4 easy methods.
You looked up the recipes, prepared your grocery list, and then performed what can only be described as genius, Olympian grilling technique mastery.
Standing over those hot flames with guests just a few feet away, you had allll the right moves. We don’t think it’s bragging to say the food was aah-maaazing.
But now, the guests have gone, the plates are empty, and those grill grates look a little, shall we say, worse for the wear? Don’t worry grill warrior. Dirty grill grates are just part of the game. It’s perfectly normal to go full throttle into cooking without considering what you’re going to do with the dirty grates when the party’s over.
All it takes is a little, tiny effort to return them to new. And next time, when you’re ready to get your grill on, you’ll know exactly how to clean them.
Before we get ahead of ourselves, the first thing you need to do is assess what material you’re dealing with. Are you grill grates porcelain? Cast iron? Or are they stainless steel? How you clean them will depend on this factor.
Porcelain grates are the most delicate of all. We recommend a soft-bristle or nylon brush to scrape them clean. The good news is that porcelain is rust-resistant, so gentle tools like these will do the job. For more tips cleaning your porcelain grates, consult your owner’s manual and follow the directions precisely. The worst thing you can do is long-term damage you’ll regret.
The good news about cast iron grates is that they’re battle strong. They’re able to handle a stiff brush for more intense cleaning. The not-so-good news is that they tend to rust easily. For that reason, you’re going to want to brush them off with some canola oil after you scrape them down.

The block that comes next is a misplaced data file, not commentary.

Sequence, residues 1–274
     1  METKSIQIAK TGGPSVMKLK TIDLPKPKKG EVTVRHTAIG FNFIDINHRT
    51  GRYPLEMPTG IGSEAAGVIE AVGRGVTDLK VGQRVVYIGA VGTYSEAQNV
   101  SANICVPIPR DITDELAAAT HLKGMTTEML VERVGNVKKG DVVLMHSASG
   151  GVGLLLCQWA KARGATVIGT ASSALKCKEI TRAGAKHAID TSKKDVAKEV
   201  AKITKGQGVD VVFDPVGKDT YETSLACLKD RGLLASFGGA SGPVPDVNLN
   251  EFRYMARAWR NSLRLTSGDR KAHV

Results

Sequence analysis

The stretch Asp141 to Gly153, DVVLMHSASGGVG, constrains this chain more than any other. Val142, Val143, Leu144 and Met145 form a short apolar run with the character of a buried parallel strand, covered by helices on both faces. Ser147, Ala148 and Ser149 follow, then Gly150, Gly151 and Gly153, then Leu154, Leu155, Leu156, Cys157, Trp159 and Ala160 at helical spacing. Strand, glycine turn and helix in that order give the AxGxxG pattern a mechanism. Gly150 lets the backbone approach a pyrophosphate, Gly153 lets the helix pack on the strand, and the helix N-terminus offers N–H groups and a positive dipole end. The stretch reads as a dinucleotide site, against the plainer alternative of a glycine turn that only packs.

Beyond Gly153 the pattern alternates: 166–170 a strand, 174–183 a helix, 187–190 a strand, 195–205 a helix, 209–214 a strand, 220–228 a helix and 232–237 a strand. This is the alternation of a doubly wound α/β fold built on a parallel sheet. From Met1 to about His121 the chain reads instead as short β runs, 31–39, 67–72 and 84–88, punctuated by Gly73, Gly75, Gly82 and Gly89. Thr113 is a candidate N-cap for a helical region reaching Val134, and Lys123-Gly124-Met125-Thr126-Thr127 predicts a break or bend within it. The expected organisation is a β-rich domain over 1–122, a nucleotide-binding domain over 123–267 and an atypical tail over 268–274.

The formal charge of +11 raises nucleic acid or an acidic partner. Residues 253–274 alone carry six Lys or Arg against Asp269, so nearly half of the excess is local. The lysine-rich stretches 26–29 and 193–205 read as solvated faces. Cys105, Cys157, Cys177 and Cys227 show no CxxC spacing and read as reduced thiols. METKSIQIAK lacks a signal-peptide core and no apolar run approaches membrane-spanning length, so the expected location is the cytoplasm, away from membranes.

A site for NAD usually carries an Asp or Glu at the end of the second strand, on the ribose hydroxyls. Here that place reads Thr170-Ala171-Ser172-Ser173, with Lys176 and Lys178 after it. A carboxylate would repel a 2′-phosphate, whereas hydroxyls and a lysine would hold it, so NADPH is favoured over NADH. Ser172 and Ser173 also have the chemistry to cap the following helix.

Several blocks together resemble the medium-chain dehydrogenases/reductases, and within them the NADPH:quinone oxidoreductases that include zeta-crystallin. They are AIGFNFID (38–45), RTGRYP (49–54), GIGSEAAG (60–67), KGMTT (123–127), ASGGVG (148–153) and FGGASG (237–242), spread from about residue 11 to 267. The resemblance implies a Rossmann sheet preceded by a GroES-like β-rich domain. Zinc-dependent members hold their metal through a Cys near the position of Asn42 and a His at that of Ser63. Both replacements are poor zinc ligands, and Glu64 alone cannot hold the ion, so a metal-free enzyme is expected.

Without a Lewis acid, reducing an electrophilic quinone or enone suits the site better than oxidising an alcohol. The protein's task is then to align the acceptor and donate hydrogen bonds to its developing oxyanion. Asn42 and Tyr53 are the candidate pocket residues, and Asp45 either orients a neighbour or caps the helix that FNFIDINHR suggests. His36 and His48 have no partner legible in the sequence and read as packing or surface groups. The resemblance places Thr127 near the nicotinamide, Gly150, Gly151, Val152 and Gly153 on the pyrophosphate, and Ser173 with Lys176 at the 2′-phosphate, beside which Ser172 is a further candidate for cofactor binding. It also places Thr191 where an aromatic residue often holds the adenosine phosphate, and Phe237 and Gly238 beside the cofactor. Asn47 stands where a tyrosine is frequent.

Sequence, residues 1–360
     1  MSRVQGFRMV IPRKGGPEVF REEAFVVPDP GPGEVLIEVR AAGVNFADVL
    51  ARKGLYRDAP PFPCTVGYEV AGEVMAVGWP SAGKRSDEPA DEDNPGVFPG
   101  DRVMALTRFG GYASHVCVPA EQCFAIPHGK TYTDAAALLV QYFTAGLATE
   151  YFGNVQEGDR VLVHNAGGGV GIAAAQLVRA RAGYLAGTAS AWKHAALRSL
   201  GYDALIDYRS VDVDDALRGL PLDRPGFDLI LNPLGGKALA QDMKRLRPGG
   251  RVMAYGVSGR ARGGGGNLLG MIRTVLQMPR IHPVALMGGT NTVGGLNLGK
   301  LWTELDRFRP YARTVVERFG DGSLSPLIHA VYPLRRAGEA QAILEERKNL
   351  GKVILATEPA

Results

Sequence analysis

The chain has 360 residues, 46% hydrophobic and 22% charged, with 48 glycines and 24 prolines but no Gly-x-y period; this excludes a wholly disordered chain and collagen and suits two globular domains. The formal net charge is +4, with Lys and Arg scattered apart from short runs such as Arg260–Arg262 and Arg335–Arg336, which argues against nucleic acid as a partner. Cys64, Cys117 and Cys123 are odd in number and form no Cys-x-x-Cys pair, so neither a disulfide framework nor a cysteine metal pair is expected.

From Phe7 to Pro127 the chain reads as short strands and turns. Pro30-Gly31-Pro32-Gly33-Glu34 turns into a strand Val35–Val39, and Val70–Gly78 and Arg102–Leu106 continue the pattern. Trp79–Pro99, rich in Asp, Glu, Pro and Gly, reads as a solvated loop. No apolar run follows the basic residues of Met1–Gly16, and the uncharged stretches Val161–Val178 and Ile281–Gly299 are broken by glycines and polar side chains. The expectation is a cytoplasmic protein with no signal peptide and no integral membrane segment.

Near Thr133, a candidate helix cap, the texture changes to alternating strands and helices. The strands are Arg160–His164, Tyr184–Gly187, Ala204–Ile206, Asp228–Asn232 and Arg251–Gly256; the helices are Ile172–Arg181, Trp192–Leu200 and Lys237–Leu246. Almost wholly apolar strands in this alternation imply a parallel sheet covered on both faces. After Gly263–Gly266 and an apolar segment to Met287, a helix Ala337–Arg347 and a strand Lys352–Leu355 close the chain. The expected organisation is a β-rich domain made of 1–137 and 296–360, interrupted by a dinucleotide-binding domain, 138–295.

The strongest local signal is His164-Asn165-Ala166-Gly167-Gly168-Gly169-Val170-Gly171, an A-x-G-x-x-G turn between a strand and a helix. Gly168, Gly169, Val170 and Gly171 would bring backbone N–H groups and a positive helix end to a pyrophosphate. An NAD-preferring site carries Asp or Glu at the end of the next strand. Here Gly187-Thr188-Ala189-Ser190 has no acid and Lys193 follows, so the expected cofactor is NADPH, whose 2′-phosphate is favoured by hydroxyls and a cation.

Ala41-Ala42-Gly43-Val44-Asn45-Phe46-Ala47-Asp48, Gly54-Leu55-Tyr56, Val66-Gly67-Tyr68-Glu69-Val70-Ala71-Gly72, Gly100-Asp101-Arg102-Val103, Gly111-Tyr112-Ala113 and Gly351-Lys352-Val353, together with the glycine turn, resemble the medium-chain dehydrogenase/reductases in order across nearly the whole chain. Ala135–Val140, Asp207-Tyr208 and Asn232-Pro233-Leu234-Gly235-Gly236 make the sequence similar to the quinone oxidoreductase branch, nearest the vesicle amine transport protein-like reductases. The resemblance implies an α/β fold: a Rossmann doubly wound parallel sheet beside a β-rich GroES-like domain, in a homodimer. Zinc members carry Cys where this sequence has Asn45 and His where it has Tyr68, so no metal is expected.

Stainless steel grates are durable, so they can stand up to a stiff brush, too. They also don’t rust quite as easily as cast iron grates. Still, you’re going to want to make sure they’re completely dry before you start cleaning them off. When it comes to rust, it’s better safe than sorry.
Blast off When cleaning your grill grates, the first general rule of thumb is that heat is your friend. The hotter you can get your grates, the easier it will be to scrape off that gunk. That’s why it’s best to scrape them right after you’re done cooking. If time passes and you don't have time or get distracted by your guests, it’s still all good. Fire up your burners when you’re free and ready to clean them. Blast the heat as high as it’ll go and keep the lid off. Fifteen minutes later, your grates will be so hot, they’ll easily shed the grease and grime when scrubbed with a grill brush.
Another handy little trick is to place a can of water on your grill grates and close the lid. Fire up those burners to about 600 degrees for half an hour and let the miracle of the steam bath ensue. When you open the lid (be careful not to burn your face!), you’ll find that it’s pretty easy to brush off any grease or burnt-on food particles with a silicone sponge.
Once your grill grates are sparkly clean, don’t forget about the rest of your grill. You can remove any water stains or weather elements simply by giving your grill a bath with some soapy water and a microfiber cloth. After sudsing up, make sure to rinse your grill completely off so that you don’t leave any water stains. It’s also critically important to dry your grill off completely with a towel so that there’s no chance of rust formation.
Our favorite hack? An Extra Durable Mr. Clean Magic Eraser. This thing really does a number on greasy food splattered on the outside of your grill. Like a sponge (but better), you just wet it down, squeeze out the excess water, and then wipe it over any of the affected areas. When you’re done, rinse the grill off and dry it completely with a microfiber cloth.
Now that you’re well versed in the many ways you can get your grill clean, there’ll be no stopping your grillmastering ways. Nicely seared burgers and steaks with perfect grill marks are in your future—and never again will you have to worry about how in the heck you’re going to contend with the leftover mess that good parties ultimately leave behind.